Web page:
described by DCA were in place, we then selected and reviewed five 
files from DCA's Washington, D.C., office, including files for each of 
three universities where the reviewers conducted a site visit. These 
files contain supporting documentation related to HHS's process for 
reviewing indirect cost rate proposals for universities. In addition, 
we reviewed six reports from an HHS contractor that examined cost 
accounting practice disclosure statements, choosing them from five 
universities that had problems identified by audits that affected at 
least one NIH grant. We also interviewed HHS management and compliance 
staff with knowledge specific to key controls used to oversee costs at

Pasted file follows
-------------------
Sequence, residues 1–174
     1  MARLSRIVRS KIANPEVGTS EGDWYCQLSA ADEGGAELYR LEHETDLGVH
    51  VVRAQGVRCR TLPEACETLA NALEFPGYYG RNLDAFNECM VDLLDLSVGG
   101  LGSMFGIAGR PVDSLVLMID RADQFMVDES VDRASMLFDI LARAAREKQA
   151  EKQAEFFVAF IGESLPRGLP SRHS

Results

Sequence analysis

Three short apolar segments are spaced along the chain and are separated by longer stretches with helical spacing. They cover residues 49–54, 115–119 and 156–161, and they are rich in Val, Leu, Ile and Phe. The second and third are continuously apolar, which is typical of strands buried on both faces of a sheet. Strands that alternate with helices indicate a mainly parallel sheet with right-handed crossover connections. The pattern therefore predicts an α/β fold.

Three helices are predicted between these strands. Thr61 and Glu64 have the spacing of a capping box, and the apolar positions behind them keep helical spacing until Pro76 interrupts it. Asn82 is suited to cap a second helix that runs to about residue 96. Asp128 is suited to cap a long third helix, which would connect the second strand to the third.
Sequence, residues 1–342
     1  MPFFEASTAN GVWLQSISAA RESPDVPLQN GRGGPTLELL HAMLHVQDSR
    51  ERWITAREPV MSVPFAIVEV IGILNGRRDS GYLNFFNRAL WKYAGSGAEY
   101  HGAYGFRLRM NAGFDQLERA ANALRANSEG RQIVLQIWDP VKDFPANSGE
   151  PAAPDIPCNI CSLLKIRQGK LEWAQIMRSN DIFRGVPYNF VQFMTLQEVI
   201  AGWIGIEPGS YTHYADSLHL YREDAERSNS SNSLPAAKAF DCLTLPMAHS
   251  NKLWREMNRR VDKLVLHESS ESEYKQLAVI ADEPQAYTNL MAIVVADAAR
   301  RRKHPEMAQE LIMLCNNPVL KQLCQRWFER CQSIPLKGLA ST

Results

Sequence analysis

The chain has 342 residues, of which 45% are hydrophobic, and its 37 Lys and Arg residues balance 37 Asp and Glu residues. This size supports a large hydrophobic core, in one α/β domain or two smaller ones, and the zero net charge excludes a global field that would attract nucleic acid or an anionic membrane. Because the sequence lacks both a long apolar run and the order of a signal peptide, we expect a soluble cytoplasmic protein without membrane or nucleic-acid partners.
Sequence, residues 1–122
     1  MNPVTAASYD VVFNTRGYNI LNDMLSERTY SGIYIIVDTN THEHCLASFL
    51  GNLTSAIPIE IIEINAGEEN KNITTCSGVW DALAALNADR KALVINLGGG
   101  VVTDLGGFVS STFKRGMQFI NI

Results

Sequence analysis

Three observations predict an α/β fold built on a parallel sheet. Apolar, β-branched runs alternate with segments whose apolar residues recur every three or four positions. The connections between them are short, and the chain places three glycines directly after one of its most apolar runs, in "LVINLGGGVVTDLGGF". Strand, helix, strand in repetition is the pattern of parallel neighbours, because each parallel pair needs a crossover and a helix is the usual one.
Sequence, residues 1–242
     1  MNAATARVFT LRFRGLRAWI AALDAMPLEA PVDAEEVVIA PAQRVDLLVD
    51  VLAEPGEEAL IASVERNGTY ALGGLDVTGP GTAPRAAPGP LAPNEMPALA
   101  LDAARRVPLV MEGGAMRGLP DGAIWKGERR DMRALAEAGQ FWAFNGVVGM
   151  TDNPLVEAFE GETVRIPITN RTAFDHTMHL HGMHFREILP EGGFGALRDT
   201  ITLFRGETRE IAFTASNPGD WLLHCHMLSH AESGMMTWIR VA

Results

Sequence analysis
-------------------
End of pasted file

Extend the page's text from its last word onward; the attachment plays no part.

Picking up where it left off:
three ICs. To corroborate that the controls described to us by HHS were 
in place, we obtained and reviewed six randomly selected files 
documenting its reviews. To determine the frequency and scope of single 
and OIG audits of universities that received NIH extramural grant 
funds, we identified the universities where single audits were required 
to be conducted during fiscal years 2003 and 2004[Footnote 11] and 
where OIG audits were conducted from fiscal year 2003 through fiscal 
year 2006. To determine the actions NIH has taken to address auditors' 
findings, we interviewed OIG and NIH staff about steps taken to resolve 
problems and reviewed supporting documentation from 15 selected audits 
from fiscal year 2003 through fiscal year 2006. To select these audits, 
we obtained information on the number of audits with findings of 
problems with internal controls or claimed costs for NIH extramural 
grants. We then obtained and analyzed a random sample of seven files 
documenting the resolution of such findings for single audits and all 
eight files documenting the resolution of such findings for OIG audits,